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  10. #10
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    ATi don't make the boards themselves. The shim is supposed to be level with or only fractionally proud of the die. The reason it's higher is because of bad QC (and a "better be safe that sorry" approach!). You can get lucky and get a board with a well-installed shim (like ol' man) but the majority of AIBM boards I've used have had a little too much clearance for most TIMs to span effectively.

    Pretty easy to increase the HS mounting pressure - just use washers.

    MuFu.

  11. #11
    ol' man is offline workin fingas to the bone
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    Originally posted by MuFu
    ATi don't make the boards themselves. The shim is supposed to be level with or only fractionally proud of the die. The reason it's higher is because of bad QC (and a "better be safe that sorry" approach!). You can get lucky and get a board with a well-installed shim (like ol' man) but the majority of AIBM boards I've used have had a little too much clearance for most TIMs to span effectively.

    Pretty easy to increase the HS mounting pressure - just use washers.

    MuFu.
    No my shim was high also. i simply put a piece of copper between the core and the HS to raise the HS off the shim. That was the whole point I was making. The piece of copper is just small enough that is does not touch the shim and raises the HS off the core. You need to take a closer look at my pics. The shim has nothing to do with the HS install. I didn't want to remove my shim. It really is not necessary unless you want to do a hurry up job and risk wrecking the GPU PCB. Tuxy sounded like he got prety close to doing it. I have seen alot of people cut pcb traces trying things like that.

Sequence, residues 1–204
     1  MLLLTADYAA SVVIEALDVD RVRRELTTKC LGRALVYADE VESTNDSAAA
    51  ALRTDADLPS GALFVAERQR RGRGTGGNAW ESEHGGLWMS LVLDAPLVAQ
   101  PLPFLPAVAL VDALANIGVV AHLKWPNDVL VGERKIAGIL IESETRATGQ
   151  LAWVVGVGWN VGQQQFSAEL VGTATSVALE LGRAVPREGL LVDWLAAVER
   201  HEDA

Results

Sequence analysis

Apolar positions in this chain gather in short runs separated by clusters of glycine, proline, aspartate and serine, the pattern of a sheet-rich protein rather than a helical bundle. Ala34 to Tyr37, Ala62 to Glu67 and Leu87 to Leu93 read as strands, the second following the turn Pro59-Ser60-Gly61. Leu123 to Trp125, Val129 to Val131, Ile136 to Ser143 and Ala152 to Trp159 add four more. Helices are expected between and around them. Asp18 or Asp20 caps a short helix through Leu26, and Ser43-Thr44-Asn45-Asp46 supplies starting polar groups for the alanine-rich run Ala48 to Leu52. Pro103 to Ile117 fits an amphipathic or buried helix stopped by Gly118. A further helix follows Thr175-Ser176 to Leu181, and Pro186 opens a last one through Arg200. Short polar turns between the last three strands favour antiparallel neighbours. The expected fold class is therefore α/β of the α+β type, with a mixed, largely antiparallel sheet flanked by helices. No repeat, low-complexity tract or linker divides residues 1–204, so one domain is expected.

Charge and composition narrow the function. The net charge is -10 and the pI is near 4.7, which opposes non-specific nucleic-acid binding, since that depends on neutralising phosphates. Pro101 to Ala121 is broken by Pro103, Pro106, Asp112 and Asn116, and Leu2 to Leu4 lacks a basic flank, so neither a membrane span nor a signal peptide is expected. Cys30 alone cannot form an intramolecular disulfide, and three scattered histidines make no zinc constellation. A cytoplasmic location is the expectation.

If you use a piece of copper as thick as mine you can use any size HS imaginable pretty much as it raises the whole HS off the caps etc.... My HS is a coolermaster PIV HS.

  12. #12
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    Ah, ok. Thought you had a large copper block covering the whole package. What's the interface between the copper and the Al?

    You'd have to be a total klutz to damage the GPU when removing the shim, IMHO. You only need to stick a knife about 0.5cm under one corner to be able to lever it off. Not everybody wants to mess around with copper blocks, although I agree it seems like a very effective solution. Hell, I have a big copper block on mine.

    MuFu.

  13. #13
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    Hey I resent that

    I ended of mouting the fan on a bracket away from the sink so it will sit better on the core. Dropped 1 degree so now I'm registering under 30C at idle.

    Man I just hope this turns out or I'll be pissed.

  14. #14
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    Originally posted by Tuxy
    Hey I resent that
    You didn't damage your GPU though.

    Man - I scraped right down to the green on mine (no reason really - just looks neater with no glue on it, lol). As long as you don't knock off any of those SMT components it'll be fine.

    MuFu.

  15. #15
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    So far I've managed 365/330 anything over that I start to artifact. I realize that I didn't do a good job lapping the stock sink when I went ahead and hacked away at a PII heatsink and lapped it.

    Seeing how I'm not impressed with the stock heatsink, I'm going to go ahead and mount a larger aluminum one. Only this time much more time and effort to maknig the mounting holes. I'm gonna go to Home Deopt and look for a drill bit that creates a screw impression so I adjust and secure the sink properly to the card.

    I'll keep you posted.